Liberal Arts Blog — Orchids II: Epiphytes vs Terrestrials, Wide Distribution, Ancient History

Liberal Arts Blog — Wednesday is the Joy of Science, Engineering, and Technology Day

Today’s Topic — Orchids II: Epiphytes vs Terrestrials, Wide Distribution, Ancient History

Last time, the anatomy of the orchid (sepals, pedals, column, and lip) and a little cultural history (the national flower of multiple countries). Today, a few notes related to three remarkable facts. First, 70% of orchids are epiphytes, that is they live on other plants without being parasites. Second, orchids are among the oldest flowering plants on the planet — dating back over 100 million years. Third, distribution is extremely broad — all continents except Antartica. Experts — please chime in. Correct, elaborate, elucidate.


1. I was recently startled to see a gorgeous orchid growing out of a live oak tree in northern Florida and decided to do a little research and was shocked to learn that this is quite normal for orchids.

2. Epiphytes are not parasites in that they derive no nutrients from their hosts. Terrestrial orchids “grow on the ground, rooting in humus.” (first link)

3. “Typically, epiphytic orchids have prominent, succulent stems called pseudobulbs that enable them to endure dry periods. Their leaves may be thin and deciduous or leathery and persistent. Their root systems are not as extensive as those of terrestrial orchids but are highly efficient at quickly absorbing moisture and nutrients.”

NB: “Epiphytic orchids are largely confined to the tropics and subtropics, where day length and the aspect of the sun vary little with the seasons and temperature ranges are generally stable and above freezing. While almost any part of a tree can be host to epiphytic orchids, the largest number of orchid species prefer the inner branches and limbs of large, mature trees, midway up, in lightly shaded conditions. Certain tree species consistently harbor orchids. Rough-barked trees that allow some moisture to remain in the cracks and crevices tend to be more conducive to orchid growth than smooth-barked trees.”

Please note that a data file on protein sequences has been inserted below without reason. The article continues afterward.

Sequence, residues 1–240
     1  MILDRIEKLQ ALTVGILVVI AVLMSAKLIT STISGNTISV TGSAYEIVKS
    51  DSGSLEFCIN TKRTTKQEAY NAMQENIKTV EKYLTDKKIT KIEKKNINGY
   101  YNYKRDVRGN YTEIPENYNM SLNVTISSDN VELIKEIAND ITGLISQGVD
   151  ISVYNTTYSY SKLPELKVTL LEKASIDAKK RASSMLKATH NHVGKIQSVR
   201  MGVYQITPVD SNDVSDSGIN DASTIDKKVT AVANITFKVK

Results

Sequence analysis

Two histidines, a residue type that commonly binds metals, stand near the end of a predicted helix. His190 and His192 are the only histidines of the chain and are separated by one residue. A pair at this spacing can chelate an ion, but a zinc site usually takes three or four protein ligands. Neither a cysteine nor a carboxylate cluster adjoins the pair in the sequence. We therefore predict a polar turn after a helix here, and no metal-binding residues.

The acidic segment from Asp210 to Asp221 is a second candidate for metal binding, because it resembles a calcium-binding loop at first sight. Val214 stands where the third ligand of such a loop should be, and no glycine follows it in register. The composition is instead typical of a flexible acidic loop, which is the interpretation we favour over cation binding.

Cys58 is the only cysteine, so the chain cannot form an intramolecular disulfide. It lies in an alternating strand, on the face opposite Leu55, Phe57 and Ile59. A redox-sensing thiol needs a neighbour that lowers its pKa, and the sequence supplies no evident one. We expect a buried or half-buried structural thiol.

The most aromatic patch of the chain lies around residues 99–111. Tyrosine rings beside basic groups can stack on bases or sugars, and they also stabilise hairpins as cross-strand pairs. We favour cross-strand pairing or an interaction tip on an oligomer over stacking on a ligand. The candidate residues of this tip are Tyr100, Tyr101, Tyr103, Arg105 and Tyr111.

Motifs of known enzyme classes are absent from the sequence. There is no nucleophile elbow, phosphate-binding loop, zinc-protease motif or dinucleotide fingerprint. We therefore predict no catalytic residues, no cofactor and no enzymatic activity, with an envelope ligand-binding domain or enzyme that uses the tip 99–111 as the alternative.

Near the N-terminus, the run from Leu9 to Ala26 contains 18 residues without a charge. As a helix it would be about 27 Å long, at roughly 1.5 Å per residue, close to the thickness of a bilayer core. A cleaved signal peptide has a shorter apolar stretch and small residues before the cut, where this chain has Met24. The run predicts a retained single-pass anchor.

1. “Orchids are found on all continents except Antarctica, from above the Arctic Circle in the north to Tierra del Fuego and Macquarie Island in the south. However, the vast majority of orchid species are native to the tropics, and their numbers increase with proximity to the equator.” (first link)

2. “Many orchid species are endemic, meaning they are found only in a very specific area, such as a particular mountain ridge, and nowhere else.”

3. “The richest diversity of orchid species is found in the lush tropical forests of equatorial South America, Southeast Asia, and New Guinea. New species are constantly being discovered, particularly in these areas.”

NB: Oceania: 50 to 70 genera; North America: 20 to 26 genera; tropical America: 212 to 250 genera; tropical Asia: 260 to 300 genera; tropical Africa: 230 to 270 genera: Europe and temperate Asia: 40 to 60 genera. (second link)

ORCHIDS ARE ANCIENT — OVER 100 MILLION YEARS OLD !!!!! (fourth link below)

1. The latest orchid “evolutionary timeline begins 112 million years ago, when the first orchids appeared. About 90 million years ago, the major living lineages started to split from each other.”

2. “Then, sometime before 64 million years ago, a key innovation occurred: Orchids developed a way to lump their pollen into sticky balls, called pollinia, so that pollinators would not lose any grains before reaching other orchids.”

3. “As flowers evolved intricate structures to attach pollinia — some orchids stick them smack between the eyes of their favorite insect species, for instance — reproductive barriers likely formed, giving birth to new species.”

NB: Darwin was obsessed with orchids. After penning On the Origin of Species, he followed up with a treatise on the pollination of orchids. “The contrivances for insect fertilization in Orchids are multiform & truly wonderful & beautiful.” (Darwin)


1. Don’t water orchids from above.

2. Don’t leave water in the orchid pot.

3. Don’t water orchids with ice.

NB: How to grow orchids in a tree? See links 8 and 9 below.

Orchids and How They Grow — Brooklyn Botanic Garden


Orchids’ dazzling diversity explained

Orchid phylogenomics and multiple drivers of their extraordinary diversification | Proceedings of the Royal Society B: Biological Sciences


Growing Orchids on a Tree

Growing orchids on outside trees

Top 10 DON’Ts when Growing Orchids — tips for orchid beginners

How to grow orchids on outside trees


PDF with headlines — Google Drive


Please share the coolest thing you learned this week related to science, engineering, or technology. Or, even better, the coolest or most important thing you learned in your life related to science and engineering.

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